A lot of memories that come from what I think of as my past life (or life before brain injury) I wish had stayed away, but there are some which as they fly by I'll think “No, no wait please, I want to see you."
And this, is one of those.
Oh my gosh!
Around what I've worked out would have been 2005, I had a partner who was from Cambridge and we were invited to a wedding of a friend of her family.
I see us sitting in a beautiful old chapel, waiting for the ceremony to begin, and I heard some electronic noises coming from the right. I turned to see a gentleman coming into the chapel in a motorised wheelchair and I recognised him and thought, "Oh my gosh, it's Stepen Hawking".
We later found out that the groom was a part of Professor Hawking's care team, so he was invited to the wedding as his guest.
The next memory I see is when we were at the reception in a big hall. My partner was sitting at a table with her family, but I'd been placed on the opposite side of the room at a table next to the one where Professor Hawking and his care team sat. It was strange because apart from I think one lady, the people on our table all knew one another and it seemed like they were all part of a group.
At some point, maybe after they'd had a few drinks, the group on our table started to get a bit obnoxious and, I think just to have a break, I went to sit with my partner and her family on the other side of the room.
They said they thought it was strange that I'd been placed away from them and they were all sitting together.
Then after a while, I went back to the table on the other side of the room and sat down.
As I sat, a lady from Professor Hawking's care team came over and she said something like, "Would anyone like to come and say anything to him?"
It turned out that while I'd been away, the group at our table had started to make fun of him and the lady had come to challenge them as though to say, "Listen, if you've got something to say, come and say it to his face."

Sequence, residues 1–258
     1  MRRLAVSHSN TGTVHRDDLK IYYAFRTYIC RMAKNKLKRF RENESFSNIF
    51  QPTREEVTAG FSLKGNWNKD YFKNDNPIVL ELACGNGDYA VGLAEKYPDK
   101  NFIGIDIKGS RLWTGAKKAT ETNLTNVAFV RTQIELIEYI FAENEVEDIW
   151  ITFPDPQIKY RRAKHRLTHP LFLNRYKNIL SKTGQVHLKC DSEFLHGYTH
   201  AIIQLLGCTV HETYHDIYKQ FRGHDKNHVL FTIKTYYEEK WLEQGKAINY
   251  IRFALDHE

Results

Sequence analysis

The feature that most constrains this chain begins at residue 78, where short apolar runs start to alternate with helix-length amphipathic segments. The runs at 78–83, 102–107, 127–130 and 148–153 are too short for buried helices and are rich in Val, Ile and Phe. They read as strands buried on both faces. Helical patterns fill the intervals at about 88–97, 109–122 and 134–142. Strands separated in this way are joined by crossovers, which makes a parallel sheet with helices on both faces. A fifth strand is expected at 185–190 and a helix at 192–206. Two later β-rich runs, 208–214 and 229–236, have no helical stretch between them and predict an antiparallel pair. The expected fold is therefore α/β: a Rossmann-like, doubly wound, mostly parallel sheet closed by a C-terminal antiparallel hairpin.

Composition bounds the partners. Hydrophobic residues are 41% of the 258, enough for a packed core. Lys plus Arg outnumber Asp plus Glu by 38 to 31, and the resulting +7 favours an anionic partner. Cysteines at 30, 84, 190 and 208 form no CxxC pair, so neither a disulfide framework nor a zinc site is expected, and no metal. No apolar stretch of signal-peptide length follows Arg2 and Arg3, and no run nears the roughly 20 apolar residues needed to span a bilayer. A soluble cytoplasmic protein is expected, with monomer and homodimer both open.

However I didn't know that at the time so all I heard was, “Would anyone like to come and talk to Stephen Hawking?” and I stood up and said excitedly, “I would, I would.”
The look on her face said, "Oh I wasn't expecting that," but before we knew it I'd pulled a chair up next to him, sat down and said something like, "Hi Professor Hawking one of your care team said it's okay to come and say hello, my name's David - how's it going?"
He was really welcoming and when we talked it wasn't about black holes or the universe or anything like that, and he showed me around his communication system.
There was a small computer screen attached to his wheelchair and he typed one letter at a time, using a tiny sensor which was attached to his cheekbone. I was fascinated and asked him lots of questions about the system and he showed me how it all worked.
At the time I was working as a p.a. for my friend Leo who has cerebral palsy and himself uses a wheelchair. At some point I told Professor Hawking about Leo, who was around twelve at the time, and the things we did together including making music and going on our trips.
After a while I thanked him and got ready to go but he asked me to hold on because he had something that he wanted to give to Leo.
He typed a note out on his computer and used a printer to print it out on a piece of paper, then one of his care team helped him to sign it. He did that by pressing his thumb on to an inkpad and then on to the piece of paper so that underneath his name, was his thumbprint.
It all came together
The next thing I remember it was Monday morning, back at work, and I told Leo and his mum and dad about the weekend. I gave Leo the note that Professor Hawking had asked me to pass on, then we got him ready and set off for school.
Every evening, Leo would go into his standing frame and watch one of his favourite programmes.
At the time it was The Simpsons (of which he had every single DVD box set) and one evening he was watching an episode, when a character appeared called Stephen Hawking who was in a wheelchair.
That was when it all came together.
The note hadn't been written by someone in Cambridge he'd never met, it had been written by one of the characters from The Simpsons: someone from his world.
This is the message that Stephen Hawking gave me to pass on to my friend Leo.
Don’t let being disabled ever hold you back, just look at me.